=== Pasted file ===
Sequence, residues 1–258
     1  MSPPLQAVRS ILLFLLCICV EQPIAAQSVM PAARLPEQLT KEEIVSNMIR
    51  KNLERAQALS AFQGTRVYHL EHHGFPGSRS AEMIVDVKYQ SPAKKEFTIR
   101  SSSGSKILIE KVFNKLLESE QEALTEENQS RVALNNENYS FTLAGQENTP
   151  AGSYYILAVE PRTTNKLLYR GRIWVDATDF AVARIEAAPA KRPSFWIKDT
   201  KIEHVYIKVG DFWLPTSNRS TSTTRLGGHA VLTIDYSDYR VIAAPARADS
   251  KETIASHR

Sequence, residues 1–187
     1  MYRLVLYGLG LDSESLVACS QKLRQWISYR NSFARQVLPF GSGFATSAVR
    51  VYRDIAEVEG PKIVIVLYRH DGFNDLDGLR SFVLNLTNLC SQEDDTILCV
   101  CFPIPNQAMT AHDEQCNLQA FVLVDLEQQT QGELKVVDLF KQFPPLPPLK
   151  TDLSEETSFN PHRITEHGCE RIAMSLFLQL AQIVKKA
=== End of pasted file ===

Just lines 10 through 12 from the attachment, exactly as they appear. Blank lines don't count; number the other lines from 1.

    51  VYRDIAEVEG PKIVIVLYRH DGFNDLDGLR SFVLNLTNLC SQEDDTILCV
   101  CFPIPNQAMT AHDEQCNLQA FVLVDLEQQT QGELKVVDLF KQFPPLPPLK
   151  TDLSEETSFN PHRITEHGCE RIAMSLFLQL AQIVKKA